And I recognise, that the girl I used to be would have chewed through that list in no time. Bam. 
Not anymore.  It seems like my lists are getting shorter and my efforts to achieve them are bigger than before.  It’s a sliding scale.  I have reduced my expectations about how far I can walk, about how much I can be involved in school, about work, about social gatherings, about mothering, being a wife, a homemaker, an do-er.  I even modify my view of what ‘feeling good’ should feel like.  I make my ‘normal’ from the abnormal. I shrink my expectations of what I should achieve in a day, yet I never make it to the top of my expectations.  How small must they be?  And why do they seem bigger than before, even though I keep paring them back?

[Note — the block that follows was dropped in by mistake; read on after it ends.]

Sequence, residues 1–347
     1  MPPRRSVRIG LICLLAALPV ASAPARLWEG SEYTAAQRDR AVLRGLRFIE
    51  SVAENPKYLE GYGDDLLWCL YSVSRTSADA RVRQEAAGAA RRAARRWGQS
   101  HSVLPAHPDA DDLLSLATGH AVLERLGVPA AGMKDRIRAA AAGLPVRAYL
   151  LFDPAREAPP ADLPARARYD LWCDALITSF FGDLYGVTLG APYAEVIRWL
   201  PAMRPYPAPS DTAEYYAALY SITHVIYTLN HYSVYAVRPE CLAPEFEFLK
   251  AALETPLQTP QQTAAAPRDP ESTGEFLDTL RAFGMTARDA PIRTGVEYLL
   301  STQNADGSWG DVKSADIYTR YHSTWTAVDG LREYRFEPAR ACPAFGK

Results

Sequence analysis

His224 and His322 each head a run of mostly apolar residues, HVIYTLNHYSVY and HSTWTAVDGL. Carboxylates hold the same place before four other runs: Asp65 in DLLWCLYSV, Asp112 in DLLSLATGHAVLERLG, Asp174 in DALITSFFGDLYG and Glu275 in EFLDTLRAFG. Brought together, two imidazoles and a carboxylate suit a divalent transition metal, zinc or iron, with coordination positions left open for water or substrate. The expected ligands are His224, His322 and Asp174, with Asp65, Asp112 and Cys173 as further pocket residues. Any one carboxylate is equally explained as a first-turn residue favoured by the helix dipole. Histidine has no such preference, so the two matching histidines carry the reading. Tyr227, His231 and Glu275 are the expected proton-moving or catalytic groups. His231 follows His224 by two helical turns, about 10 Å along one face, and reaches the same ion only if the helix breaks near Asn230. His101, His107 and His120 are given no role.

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Source:  Andersen Layman

 

I’m at the bottom of that slide, looking up.  The ground I am standing on is eroding.  If I don’t jump soon, the slide will be too far away for me to even lunge on to it. I call out for my sister.  “Help me!” 
I can’t see her.  The playground is empty.  The slide looms above me, and I am a tiny thing, an ant. I haven’t a hope of getting up that slide.  I sit down and let the earth take me away in a rivulet torrent of rain and silt. I am tossed in the miniature rapids, growing smaller with each tumble.  Until at last, I am a speck of dust.  The sun beats warm down on my back.  And I, just am.
Sometimes, it is all I can be.

Cuppa?

1Most of you know that I did an online course about blogging in May/June.  I have been learning from the maestro herself, Pip Lincolne.  Have you seen her blog Meet Me at Mikes? I’ve still got so much more to learn and things to do to improve things around here, so I have signed up for the next intake as well.  I’m going to be like a Year 8 girl this time instead of a Year 7 newbie.